The H,K-adenosine triphosphatase (ATPase) of gastric parietal cells is targeted to a regulated membrane compartment that fuses with the apical plasma membrane in response to secretagogue stimulation. Previous work has demonstrated that the alpha subunit of the H, K-ATPase encodes localization information responsible for this pump's apical distribution, whereas the beta subunit carries the signal responsible for the cessation of acid secretion through the retrieval of the pump from the surface to the regulated intracellular compartment. By analyzing the sorting behaviors of a number of chimeric pumps composed of complementary portions of the H, K-ATPase alpha subunit and the highly homologous Na,K-ATPase alpha subunit, we have identified a portion of the gastric H,K-ATPase, which is sufficient to redirect the normally basolateral Na,K-ATPase to the apical surface in transfected epithelial cells. This motif resides within the fourth of the H,K-ATPase alpha subunit's ten predicted transmembrane domains. Although interactions with glycosphingolipid-rich membrane domains have been proposed to play an important role in the targeting of several apical membrane proteins, the apically located chimeras are not found in detergent-insoluble complexes, which are typically enriched in glycosphingolipids. Furthermore, a chimera incorporating the Na, K-ATPase alpha subunit fourth transmembrane domain is apically targeted when both of its flanking sequences derive from H,K-ATPase sequence. These results provide the identification of a defined apical localization signal in a polytopic membrane transport protein, and suggest that this signal functions through conformational interactions between the fourth transmembrane spanning segment and its surrounding sequence domains.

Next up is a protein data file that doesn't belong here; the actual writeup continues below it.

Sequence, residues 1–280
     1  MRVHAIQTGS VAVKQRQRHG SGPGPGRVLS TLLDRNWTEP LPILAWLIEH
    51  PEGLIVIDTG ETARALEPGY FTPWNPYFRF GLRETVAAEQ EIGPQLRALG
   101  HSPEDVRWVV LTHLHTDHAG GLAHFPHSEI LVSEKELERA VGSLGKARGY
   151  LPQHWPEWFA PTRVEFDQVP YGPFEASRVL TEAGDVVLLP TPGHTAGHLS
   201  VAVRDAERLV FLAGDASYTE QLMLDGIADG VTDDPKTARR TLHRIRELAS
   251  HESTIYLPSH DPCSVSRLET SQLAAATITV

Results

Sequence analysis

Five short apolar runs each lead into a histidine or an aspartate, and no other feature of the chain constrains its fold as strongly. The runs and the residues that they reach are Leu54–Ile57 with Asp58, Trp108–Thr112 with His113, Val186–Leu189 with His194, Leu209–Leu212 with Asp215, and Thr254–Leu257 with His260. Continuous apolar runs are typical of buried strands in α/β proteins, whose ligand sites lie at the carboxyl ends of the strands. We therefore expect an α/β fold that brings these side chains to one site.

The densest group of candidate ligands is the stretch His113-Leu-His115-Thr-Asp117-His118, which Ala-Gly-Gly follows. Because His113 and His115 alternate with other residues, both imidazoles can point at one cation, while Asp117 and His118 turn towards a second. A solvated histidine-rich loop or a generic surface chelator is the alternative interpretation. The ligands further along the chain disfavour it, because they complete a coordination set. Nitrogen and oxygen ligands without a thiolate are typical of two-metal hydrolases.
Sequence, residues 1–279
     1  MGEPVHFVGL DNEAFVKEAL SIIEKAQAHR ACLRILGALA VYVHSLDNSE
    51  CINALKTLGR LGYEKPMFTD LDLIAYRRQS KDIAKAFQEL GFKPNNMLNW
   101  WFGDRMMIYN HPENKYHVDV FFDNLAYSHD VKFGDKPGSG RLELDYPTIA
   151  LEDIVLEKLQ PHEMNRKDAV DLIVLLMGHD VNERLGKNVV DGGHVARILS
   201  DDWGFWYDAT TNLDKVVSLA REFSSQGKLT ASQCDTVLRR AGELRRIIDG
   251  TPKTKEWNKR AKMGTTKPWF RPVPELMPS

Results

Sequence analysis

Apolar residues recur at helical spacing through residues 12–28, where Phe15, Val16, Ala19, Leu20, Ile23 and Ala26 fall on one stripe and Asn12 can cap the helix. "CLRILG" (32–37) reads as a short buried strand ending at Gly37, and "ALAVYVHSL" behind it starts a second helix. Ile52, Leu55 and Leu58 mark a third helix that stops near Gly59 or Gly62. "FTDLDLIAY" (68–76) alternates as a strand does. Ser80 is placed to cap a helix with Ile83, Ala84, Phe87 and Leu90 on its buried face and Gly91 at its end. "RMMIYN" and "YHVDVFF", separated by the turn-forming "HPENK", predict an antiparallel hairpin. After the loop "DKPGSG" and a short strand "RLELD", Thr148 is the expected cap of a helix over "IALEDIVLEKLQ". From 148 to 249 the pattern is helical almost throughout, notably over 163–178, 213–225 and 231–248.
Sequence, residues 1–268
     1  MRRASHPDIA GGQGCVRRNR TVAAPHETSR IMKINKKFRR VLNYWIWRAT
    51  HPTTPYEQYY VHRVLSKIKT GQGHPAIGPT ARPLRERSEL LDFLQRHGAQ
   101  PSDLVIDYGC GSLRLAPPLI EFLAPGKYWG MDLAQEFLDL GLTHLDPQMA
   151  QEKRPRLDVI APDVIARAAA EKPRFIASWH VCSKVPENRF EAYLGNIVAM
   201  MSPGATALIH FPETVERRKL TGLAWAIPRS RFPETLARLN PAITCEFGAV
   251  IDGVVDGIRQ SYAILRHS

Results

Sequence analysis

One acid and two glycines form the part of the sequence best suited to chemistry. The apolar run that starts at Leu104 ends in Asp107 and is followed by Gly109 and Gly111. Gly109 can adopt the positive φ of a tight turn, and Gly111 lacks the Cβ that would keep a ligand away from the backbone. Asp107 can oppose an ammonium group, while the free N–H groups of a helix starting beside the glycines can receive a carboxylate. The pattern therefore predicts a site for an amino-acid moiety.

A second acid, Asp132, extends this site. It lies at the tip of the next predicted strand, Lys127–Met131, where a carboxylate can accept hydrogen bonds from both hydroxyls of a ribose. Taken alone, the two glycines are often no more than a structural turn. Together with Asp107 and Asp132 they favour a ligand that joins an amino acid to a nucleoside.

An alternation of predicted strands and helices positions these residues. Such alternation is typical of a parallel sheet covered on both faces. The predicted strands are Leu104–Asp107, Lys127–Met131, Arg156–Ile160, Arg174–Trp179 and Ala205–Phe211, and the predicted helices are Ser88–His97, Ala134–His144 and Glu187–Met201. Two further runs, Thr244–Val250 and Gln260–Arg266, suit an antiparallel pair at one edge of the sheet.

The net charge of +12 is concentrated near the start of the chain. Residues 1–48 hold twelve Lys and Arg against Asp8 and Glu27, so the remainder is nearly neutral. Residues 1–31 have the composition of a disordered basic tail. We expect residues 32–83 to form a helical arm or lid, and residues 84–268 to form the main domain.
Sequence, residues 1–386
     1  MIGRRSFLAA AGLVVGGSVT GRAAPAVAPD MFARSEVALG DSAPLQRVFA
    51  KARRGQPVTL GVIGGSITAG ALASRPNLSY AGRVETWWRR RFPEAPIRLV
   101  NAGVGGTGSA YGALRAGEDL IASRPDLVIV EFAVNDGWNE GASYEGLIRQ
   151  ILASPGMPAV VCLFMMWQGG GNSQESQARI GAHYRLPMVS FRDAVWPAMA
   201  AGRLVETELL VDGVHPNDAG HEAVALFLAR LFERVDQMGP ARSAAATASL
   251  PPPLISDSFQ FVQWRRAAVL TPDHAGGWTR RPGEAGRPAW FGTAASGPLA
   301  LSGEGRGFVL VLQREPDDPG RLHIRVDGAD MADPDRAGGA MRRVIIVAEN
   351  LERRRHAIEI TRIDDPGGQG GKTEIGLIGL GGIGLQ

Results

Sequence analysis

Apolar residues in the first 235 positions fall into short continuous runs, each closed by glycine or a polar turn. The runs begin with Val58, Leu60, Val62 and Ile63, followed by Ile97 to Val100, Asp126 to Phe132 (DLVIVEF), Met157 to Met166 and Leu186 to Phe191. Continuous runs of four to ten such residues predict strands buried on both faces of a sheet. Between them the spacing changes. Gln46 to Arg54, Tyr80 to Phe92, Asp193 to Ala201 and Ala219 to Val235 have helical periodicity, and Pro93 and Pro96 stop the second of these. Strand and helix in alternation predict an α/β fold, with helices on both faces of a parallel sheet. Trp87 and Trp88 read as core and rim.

Show MeSH
Related in: MedlinePlus